I’m awful at Guitar Hero. I can play violin, piano, guitar, and viola in real life, but I can’t seem to translate those skills into this musical game. Still, despite my inability to be good at it, I think I’ll pick up Guitar Hero Live when it releases in October.
A lot of things are new in Guitar Hero Live, and a lot of these things are improvements. For starters, there is a new guitar. Instead of having five buttons all in a row, it has six buttons not in a row. Instead, there are two rows of three buttons at the top, with one row featuring black keys, and the other, white. During gameplay, some notes will show up as black, and some as white, allowing the player to know which row to use. The developers told me this was done so that players wouldn’t need to slide their hand down the guitar to try to find buttons. It was also done to allow players to do barre chords, meaning they put their finger across two buttons at the same time.
Live Like a Rockstar
Another thing that is new is the “Live” mode, which gives the player the feeling of actually being a, uh, guitar hero. In this mode, the classic Guitar Hero button image shows up on the screen (like the screenshot above shows), but behind that animation lies a stage and a horde of fans. The camera moves around a lot, showing hundreds of fans and sometimes looking at fellow band members, with the idea being that whatever the camera sees is actually what you would see if you were actually in a band.
It’s a cool idea, and what makes it cooler is that the developers actually recorded fans jamming out to the song, so their expressions, attitudes, and moods make sense. An fact, it all makes so much sense that when you start to do poorly (and I did poorly more than once during my time with the game), the fans actually start looking angry, and will throw things at you. It’s both hilarious and intimidating, but it’s still nicer than simply being kicked from the game, as some of the old Guitar Hero games would do when you began doing very poorly.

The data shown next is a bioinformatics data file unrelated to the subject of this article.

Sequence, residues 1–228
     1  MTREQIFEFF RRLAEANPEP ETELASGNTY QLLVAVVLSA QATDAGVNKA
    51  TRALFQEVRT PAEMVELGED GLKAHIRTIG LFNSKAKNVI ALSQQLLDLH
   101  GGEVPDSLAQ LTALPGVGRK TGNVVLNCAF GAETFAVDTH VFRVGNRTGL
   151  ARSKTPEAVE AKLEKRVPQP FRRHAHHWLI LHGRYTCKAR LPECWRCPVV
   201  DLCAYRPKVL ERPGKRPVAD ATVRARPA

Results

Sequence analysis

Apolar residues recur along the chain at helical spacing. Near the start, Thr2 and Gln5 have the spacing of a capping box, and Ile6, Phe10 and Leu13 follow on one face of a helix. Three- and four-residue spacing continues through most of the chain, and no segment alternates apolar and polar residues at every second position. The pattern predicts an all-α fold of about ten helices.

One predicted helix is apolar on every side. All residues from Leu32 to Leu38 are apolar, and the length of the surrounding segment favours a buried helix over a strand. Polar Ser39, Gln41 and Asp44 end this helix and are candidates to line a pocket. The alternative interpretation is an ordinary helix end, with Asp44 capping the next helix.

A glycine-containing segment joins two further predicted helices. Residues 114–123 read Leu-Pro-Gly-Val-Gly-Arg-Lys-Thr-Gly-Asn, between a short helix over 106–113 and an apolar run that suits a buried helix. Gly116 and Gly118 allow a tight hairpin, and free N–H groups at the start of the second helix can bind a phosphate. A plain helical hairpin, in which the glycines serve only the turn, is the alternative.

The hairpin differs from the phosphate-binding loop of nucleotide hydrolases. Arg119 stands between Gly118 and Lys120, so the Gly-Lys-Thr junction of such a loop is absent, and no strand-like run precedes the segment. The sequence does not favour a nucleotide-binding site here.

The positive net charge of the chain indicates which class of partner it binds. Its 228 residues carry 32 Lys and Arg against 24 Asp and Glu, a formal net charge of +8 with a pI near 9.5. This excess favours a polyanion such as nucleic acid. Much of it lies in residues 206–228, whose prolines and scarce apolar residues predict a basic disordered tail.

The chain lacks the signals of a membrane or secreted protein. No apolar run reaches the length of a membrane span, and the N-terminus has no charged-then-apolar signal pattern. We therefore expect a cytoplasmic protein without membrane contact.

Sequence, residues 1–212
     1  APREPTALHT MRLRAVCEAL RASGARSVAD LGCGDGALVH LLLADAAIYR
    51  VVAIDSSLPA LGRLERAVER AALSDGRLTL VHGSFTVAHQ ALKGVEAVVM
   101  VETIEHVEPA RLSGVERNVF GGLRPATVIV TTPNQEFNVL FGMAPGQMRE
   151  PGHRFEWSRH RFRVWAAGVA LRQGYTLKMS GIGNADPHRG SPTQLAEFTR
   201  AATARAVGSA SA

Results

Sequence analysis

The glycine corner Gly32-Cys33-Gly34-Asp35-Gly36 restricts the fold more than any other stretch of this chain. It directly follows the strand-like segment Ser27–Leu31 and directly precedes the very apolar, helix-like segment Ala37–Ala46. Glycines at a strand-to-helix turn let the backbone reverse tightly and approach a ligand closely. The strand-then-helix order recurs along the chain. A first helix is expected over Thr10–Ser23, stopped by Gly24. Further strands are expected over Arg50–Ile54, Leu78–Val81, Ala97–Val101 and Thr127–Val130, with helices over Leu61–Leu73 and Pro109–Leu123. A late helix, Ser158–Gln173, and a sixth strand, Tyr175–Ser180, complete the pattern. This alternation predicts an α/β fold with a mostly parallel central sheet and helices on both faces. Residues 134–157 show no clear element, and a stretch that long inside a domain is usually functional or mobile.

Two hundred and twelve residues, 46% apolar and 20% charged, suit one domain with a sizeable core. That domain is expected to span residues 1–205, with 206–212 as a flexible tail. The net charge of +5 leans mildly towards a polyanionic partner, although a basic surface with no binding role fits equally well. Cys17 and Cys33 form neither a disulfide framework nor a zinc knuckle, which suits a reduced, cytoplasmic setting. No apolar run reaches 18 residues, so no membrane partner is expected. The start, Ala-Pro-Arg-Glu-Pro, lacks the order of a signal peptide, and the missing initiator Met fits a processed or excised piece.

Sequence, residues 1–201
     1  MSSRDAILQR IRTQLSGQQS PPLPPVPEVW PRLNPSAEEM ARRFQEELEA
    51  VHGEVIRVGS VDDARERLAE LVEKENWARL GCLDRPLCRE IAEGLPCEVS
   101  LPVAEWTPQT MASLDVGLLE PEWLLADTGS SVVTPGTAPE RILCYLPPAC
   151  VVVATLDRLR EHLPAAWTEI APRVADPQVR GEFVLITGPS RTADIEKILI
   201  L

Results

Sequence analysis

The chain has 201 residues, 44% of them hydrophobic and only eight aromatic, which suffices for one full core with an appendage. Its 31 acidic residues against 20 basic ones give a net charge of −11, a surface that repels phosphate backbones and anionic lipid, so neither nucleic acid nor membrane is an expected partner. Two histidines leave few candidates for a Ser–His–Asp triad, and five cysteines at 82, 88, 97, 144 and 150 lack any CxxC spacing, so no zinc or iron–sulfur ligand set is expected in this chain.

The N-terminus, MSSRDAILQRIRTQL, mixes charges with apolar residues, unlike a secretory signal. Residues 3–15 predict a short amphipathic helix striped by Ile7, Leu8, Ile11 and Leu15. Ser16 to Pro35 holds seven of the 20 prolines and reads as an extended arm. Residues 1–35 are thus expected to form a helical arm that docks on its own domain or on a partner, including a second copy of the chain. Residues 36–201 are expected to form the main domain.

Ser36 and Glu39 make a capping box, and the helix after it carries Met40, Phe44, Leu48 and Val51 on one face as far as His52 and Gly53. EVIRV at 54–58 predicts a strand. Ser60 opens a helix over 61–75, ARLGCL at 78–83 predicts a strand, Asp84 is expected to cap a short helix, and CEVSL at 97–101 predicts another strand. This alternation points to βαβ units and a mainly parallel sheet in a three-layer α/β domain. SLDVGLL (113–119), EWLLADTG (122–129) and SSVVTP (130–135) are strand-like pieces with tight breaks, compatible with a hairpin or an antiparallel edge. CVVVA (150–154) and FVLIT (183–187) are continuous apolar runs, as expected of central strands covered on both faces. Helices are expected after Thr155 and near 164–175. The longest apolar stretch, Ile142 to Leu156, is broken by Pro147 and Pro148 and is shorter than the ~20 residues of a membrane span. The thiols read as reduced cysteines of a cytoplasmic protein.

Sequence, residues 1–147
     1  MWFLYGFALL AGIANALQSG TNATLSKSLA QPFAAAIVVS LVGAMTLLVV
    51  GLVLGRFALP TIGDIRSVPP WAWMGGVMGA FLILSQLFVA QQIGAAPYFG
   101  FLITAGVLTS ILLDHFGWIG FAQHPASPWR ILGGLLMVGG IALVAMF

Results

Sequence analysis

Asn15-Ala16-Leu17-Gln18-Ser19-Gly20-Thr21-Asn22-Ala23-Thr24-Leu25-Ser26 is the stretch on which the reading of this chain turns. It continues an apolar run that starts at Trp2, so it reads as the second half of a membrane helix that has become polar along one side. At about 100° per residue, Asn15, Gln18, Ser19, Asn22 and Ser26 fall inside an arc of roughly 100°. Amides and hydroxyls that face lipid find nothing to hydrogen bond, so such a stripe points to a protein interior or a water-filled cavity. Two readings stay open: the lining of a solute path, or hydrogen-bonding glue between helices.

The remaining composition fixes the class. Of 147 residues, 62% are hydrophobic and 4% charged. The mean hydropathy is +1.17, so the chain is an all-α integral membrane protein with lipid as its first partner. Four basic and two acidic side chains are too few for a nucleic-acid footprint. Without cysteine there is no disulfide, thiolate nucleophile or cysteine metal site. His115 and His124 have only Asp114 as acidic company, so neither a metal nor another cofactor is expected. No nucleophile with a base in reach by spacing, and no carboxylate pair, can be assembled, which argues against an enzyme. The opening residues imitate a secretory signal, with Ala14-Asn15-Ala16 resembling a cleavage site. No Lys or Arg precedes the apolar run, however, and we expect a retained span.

Music Killed the TV Star
Besides the Live mode, there is also a new “TV” mode. In this mode, there are two TV “channels,” with one streaming pop-y music videos, and the other streaming rock-y music videos. Players can jump into the music videos at any time, and can begin either singing along or strumming along. It’s a fun idea, and what makes it more fun is that it’s multiplayer. Players from all around will all see the same music video, and Guitar Hero will pit players of equal skill with each other so that they may face-off. There are a lot of music videos already set to the channels, and the developers told me that these will be switched up every so often once the game releases.
Besides simply playing the modes to have fun, players can also play to earn things like coins or “plays.” Coins may be used to buy different customization options, while plays can be used to “play” through a song that has left the live TV streaming, but can still be seen in the streaming playlist. These “plays” can also be purchased with real money instead of being earned, in case you were wondering.
Luckily for me, there are five different skill levels. I saw one of the developers play through a song on “Expert,” the hardest difficulty, and it is just as fast-paced and crazy as you could hope for. But, for people who might need a bit of practice before attempting anything tricky, there are two easier modes that only utilize the white row of buttons, taking away the difficulty of having the either use barre chords or having to switch between the two rows. At the same time, like past Guitar Hero games, there are certain songs that are simply either far easier or far harder to play than others.
Like I said before, I don’t typically like Guitar Hero games, but I did like Guitar Hero Live. The new controller made things easier for me, especially when playing on an easier difficulty, and the Live mode really made the game feel more realistic and interactive. At the same time, the idea of the TV mode seemed really intriguing, although how well it actually turns out depends on how many people play online. If you like the classic Guitar Hero titles, it might take a while to get used to the new controller, but from what I’ve seen, it will be worth it.